And then 2-1, and it all clicks. That jump? That jump counts for far more than it usually does in Mario. Crazy as it sounds, it’s grown in range and scope as a traversal option, encouraging you to view each level as a stack of tiers you must move between to avoid dangers, to snag the best trinkets. And the portrait orientation? It’s working double-time for you. It’s enforcing a kind of attentiveness, as you react to things that are flung at you with little notice, and it’s also – this is brilliant – allowing for moments when the world wraps around left to right, and you’re not so much moving from one side of the screen as you are from the bottom to the top.
2-1. A ghost house. A screen filled with platforms at different heights, doors on different platforms, and jump pads to send you up and down. Go to the right, reappear at the left, and none of the doors seem to actually take you somewhere new. How do you get out of this mess? You start by playing with the level’s height, with the jump pad’s willingness to deposit you at different elevations, at which point Mario’s autorunning becomes a kind of programming challenge in which you can pretty much work out where you’re going to drop from one platform to the next, and then reverse-engineer the moves you need to make to get to the places you want to visit. Mario often feels like a timeline in these 2D games, sweeping across beautifully choreographed worlds, triggering the things around him and bringing them to life as he goes. That’s never been truer than it is here: Mario is moving, and rather than control him in the traditional sense, you have to keep up with him and make the most of his pathfinding.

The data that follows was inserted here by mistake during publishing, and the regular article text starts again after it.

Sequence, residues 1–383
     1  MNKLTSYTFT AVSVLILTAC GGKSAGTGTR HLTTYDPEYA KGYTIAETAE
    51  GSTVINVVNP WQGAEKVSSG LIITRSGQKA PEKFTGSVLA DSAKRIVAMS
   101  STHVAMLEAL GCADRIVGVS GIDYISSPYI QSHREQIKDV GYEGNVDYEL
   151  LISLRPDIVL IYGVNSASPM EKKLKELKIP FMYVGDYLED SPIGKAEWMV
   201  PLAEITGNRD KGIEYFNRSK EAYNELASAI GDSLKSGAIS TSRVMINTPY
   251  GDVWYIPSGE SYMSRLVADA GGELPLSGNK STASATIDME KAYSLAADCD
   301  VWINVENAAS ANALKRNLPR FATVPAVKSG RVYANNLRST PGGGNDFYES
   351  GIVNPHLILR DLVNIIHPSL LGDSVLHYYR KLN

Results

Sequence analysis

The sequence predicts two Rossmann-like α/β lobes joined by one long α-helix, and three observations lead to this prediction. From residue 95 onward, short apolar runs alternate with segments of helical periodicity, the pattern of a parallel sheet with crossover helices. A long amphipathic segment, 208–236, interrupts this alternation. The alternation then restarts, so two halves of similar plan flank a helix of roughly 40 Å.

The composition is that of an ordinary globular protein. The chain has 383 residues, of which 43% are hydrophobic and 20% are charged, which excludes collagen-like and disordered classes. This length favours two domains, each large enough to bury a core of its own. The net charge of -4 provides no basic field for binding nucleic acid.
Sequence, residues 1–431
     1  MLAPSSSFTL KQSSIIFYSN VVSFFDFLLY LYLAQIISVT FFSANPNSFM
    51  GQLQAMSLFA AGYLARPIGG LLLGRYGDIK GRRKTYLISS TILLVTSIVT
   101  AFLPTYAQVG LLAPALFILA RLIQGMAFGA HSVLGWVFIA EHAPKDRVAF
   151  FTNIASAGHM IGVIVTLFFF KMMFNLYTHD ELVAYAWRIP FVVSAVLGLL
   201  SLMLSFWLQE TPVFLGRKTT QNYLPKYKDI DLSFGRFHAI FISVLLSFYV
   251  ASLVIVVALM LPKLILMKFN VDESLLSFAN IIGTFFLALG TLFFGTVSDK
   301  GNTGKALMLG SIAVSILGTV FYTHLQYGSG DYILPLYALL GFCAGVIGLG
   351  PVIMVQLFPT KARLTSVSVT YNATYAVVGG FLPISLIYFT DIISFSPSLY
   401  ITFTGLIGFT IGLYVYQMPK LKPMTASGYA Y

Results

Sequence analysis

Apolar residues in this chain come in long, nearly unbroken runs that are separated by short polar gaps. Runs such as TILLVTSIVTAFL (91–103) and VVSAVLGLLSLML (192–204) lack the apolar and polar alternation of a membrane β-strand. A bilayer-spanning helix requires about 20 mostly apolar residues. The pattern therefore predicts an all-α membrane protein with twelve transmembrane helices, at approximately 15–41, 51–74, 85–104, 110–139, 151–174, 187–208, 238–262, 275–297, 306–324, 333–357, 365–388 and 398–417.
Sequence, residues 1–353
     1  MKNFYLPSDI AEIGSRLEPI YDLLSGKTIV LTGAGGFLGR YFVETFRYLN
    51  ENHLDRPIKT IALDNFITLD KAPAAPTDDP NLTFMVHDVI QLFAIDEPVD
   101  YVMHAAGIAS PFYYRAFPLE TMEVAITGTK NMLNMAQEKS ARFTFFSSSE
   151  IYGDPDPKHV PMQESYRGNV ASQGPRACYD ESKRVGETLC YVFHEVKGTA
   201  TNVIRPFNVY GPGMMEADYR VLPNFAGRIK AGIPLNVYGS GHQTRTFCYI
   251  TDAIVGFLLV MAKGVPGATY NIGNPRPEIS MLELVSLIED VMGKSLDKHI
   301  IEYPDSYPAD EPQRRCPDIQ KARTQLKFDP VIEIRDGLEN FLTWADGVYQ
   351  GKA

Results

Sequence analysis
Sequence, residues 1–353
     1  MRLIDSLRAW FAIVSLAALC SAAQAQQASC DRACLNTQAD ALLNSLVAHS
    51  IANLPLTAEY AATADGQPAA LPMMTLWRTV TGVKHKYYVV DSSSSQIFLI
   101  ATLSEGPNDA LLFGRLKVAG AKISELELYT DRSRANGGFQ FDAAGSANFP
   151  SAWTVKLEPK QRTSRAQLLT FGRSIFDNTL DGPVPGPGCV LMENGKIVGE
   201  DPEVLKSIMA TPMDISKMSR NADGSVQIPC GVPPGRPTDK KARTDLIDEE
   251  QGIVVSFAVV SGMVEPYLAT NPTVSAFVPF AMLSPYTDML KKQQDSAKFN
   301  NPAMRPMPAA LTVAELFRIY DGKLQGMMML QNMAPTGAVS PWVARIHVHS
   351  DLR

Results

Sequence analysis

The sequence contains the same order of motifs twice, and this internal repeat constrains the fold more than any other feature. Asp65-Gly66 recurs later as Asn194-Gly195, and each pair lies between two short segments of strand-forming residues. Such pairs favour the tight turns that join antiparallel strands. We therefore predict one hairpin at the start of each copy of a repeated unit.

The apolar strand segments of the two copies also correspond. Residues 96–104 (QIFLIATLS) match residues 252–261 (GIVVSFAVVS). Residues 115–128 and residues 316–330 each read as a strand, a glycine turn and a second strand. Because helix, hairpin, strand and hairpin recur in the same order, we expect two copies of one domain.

Again and again, Super Mario Run surprises you in interesting technical ways. More than any Mario in memory, it’s very clearly two different games folded into one. (This split personality is always present, but here it’s really, really obvious.) The first game is the breezy throwback platformer even a lapsed fan can race through in a single lazy morning. 24 short stages, four of which are available for free, the rest of which come with a simple one-off payment of £7.99 – and that’s all you’ll be spending on this game as far as I can tell. The stages are filled with familiar sights – deserts, mushroom mountains, floating pirate ship armadas – and they refuse to outstay their welcome, 100 seconds on the clock most of the time, with double-speed audio clicking in for the last 10 seconds alone. There are a few new moves – mantling is new, as is a mid-air brake sort of deal that allows you to lose momentum and pick a landing spot – and there are a few new blocks. Pause blocks to give you a breath, extra time blocks to give you a few extra seconds. Nothing special. Grab coins, jump on enemies (there’s a neat twist here, in that you’ll typically vault over foes automatically now, so you need to jump again at just the right moment to score a kill; it feels fantastic) and make it to the flag. Mario 101.